Their cooling relationship is clearly reflected in arms sales numbers. Though India was the UK’s second-largest arms importer between 2012 and 2016, it has now dropped out of the top three. Similarly, the UK is now the fifth-largest arms exporter to India, down from the third spot five years ago. Further, the $300 million sale of twenty trainer aircraft to the Indian Air Force has stalled for three years. Lastly, as with Australia and Japan, the UK seems intent on securing a free trade agreement with India to offset the losses caused by Brexit. This British priority has put military matters with New Delhi on a slow track.
The UK also has military ties to many countries in Southeast Asia. For example, it is tied to Malaysia and Singapore through the Five Power Defence Arrangements and has boots on the ground in Brunei. The UK also recently signed a memorandum of understanding to strengthen defense ties with Singapore. Notably, Indonesia was the third-largest importer of British arms between 2013 and 2017.
All the above developments indicate that the UK intends to promote a “Global Britain” and direct some of its military, economic, and diplomatic attention to the East. It benefits from bilateral relationships with Australia, India, and Japan and is pursuing outreach efforts with many of the smaller players in the region. That said, there are serious question marks about the UK’s reach until the carrier battle groups are delivered in the 2020s, and Brexit may force Britain to prioritize commercial relationships over strategic ones. In many ways, France is in a stronger position in the Pacific for the years to come.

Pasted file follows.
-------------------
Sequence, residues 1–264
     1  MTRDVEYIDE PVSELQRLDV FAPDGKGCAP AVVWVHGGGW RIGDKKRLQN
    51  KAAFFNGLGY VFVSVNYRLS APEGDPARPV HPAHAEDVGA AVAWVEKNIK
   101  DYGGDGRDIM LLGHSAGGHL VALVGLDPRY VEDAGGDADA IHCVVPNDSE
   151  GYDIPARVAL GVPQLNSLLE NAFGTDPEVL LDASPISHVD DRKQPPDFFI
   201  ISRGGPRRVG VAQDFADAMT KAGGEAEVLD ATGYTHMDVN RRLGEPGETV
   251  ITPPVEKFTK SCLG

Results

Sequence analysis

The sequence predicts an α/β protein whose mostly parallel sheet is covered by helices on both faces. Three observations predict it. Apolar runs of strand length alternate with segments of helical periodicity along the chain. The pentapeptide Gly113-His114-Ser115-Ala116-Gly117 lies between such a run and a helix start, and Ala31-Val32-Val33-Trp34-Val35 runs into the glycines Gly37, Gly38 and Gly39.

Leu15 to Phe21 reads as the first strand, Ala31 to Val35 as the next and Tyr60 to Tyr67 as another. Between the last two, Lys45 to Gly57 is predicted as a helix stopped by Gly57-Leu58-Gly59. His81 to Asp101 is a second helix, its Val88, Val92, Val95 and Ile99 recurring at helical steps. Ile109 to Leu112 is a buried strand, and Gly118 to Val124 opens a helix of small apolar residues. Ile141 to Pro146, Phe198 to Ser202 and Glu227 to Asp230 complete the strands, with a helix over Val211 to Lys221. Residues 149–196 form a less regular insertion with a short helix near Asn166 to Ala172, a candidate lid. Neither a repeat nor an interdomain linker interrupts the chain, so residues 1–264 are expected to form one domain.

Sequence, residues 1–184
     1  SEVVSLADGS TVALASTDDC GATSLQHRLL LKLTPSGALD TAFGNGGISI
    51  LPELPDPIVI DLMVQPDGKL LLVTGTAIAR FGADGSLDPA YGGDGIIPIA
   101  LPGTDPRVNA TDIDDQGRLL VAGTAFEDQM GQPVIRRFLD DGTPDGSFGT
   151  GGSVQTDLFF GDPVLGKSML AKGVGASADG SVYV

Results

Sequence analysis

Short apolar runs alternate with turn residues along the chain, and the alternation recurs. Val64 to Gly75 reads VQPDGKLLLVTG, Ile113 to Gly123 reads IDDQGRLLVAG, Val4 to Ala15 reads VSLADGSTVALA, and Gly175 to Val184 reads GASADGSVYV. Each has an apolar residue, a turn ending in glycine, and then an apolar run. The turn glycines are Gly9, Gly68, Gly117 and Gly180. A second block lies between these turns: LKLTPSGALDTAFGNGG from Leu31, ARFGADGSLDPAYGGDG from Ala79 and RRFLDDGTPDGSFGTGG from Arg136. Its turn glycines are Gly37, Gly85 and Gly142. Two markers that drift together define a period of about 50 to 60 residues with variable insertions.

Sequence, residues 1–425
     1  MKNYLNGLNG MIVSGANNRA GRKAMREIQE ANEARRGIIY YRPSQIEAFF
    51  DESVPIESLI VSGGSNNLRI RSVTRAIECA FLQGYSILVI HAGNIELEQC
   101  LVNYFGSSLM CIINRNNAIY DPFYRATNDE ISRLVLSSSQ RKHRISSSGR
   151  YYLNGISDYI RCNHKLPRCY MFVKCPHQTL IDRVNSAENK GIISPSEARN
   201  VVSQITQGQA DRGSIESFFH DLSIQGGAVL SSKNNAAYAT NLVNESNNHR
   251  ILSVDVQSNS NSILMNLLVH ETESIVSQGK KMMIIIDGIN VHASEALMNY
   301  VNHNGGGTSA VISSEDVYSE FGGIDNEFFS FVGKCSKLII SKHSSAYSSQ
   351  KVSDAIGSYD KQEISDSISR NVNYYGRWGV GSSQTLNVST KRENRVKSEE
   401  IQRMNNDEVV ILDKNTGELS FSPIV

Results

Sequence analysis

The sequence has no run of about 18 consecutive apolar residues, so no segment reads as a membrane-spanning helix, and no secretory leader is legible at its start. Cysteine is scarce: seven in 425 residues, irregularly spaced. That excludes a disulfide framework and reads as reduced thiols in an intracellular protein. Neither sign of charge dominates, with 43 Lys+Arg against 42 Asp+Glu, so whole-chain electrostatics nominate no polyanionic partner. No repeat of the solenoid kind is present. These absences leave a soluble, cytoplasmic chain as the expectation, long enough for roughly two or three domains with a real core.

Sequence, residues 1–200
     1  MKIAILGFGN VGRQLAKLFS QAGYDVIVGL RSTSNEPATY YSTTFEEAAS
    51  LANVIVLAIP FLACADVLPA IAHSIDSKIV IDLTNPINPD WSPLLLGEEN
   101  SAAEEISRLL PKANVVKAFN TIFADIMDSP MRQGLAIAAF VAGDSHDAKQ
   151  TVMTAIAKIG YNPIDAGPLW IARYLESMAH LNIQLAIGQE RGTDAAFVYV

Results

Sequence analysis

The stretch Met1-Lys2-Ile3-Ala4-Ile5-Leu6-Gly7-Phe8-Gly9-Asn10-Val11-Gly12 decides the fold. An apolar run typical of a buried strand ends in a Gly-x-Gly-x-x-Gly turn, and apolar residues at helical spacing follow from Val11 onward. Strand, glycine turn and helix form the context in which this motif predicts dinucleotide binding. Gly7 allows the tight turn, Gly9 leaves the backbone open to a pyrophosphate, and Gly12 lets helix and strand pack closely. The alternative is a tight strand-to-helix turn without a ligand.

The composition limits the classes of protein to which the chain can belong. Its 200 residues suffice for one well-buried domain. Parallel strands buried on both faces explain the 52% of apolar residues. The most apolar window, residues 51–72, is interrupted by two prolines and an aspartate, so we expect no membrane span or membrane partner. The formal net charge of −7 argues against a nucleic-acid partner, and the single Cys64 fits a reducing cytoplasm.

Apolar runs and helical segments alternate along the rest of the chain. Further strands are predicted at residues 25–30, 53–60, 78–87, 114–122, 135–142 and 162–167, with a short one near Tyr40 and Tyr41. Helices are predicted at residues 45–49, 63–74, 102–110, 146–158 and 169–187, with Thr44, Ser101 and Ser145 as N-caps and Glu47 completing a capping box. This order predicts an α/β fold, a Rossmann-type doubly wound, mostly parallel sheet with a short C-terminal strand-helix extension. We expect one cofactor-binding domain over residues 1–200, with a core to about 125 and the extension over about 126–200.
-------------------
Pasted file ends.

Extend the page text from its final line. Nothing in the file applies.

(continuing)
Enhancing Cooperation Between the Middle Powers
Because France and the UK have complementary and, in some cases, overlapping roles to play in the region, enhancing Franco-British cooperation in the Indo-Pacific makes sense. There is already a good track record to build on, and working together, France and the UK could provide a platform for other European countries, such as Denmark, Germany, the Netherlands, and Norway, to increase their contributions to Indo-Pacific security efforts (for example, ensuring freedom of navigation in the South China Sea or supporting certain training efforts). By demonstrating a greater interest and willingness to engage in regional affairs, the UK could also alleviate allies’ concerns about the impact of Brexit and rebut the declinist narrative surrounding its departure from the EU. Meanwhile, France is slated to become the leading EU power in the region after Brexit.